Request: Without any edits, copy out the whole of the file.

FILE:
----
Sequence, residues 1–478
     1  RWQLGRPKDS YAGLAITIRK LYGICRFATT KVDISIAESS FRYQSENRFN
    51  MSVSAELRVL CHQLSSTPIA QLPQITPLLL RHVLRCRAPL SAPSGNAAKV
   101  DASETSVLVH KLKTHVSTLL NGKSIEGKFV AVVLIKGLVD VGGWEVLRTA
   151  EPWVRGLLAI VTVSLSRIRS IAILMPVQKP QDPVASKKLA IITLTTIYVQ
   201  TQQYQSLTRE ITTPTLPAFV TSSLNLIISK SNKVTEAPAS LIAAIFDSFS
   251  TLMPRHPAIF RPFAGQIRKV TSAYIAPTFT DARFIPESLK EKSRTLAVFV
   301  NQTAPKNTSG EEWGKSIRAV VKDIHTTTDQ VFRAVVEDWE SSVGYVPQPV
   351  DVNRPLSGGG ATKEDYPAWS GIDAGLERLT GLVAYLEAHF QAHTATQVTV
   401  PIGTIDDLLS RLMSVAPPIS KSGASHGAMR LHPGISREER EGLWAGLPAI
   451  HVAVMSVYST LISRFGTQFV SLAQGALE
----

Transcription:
Sequence, residues 1–478
     1  RWQLGRPKDS YAGLAITIRK LYGICRFATT KVDISIAESS FRYQSENRFN
    51  MSVSAELRVL CHQLSSTPIA QLPQITPLLL RHVLRCRAPL SAPSGNAAKV
   101  DASETSVLVH KLKTHVSTLL NGKSIEGKFV AVVLIKGLVD VGGWEVLRTA
   151  EPWVRGLLAI VTVSLSRIRS IAILMPVQKP QDPVASKKLA IITLTTIYVQ
   201  TQQYQSLTRE ITTPTLPAFV TSSLNLIISK SNKVTEAPAS LIAAIFDSFS
   251  TLMPRHPAIF RPFAGQIRKV TSAYIAPTFT DARFIPESLK EKSRTLAVFV
   301  NQTAPKNTSG EEWGKSIRAV VKDIHTTTDQ VFRAVVEDWE SSVGYVPQPV
   351  DVNRPLSGGG ATKEDYPAWS GIDAGLERLT GLVAYLEAHF QAHTATQVTV
   401  PIGTIDDLLS RLMSVAPPIS KSGASHGAMR LHPGISREER EGLWAGLPAI
   451  HVAVMSVYST LISRFGTQFV SLAQGALE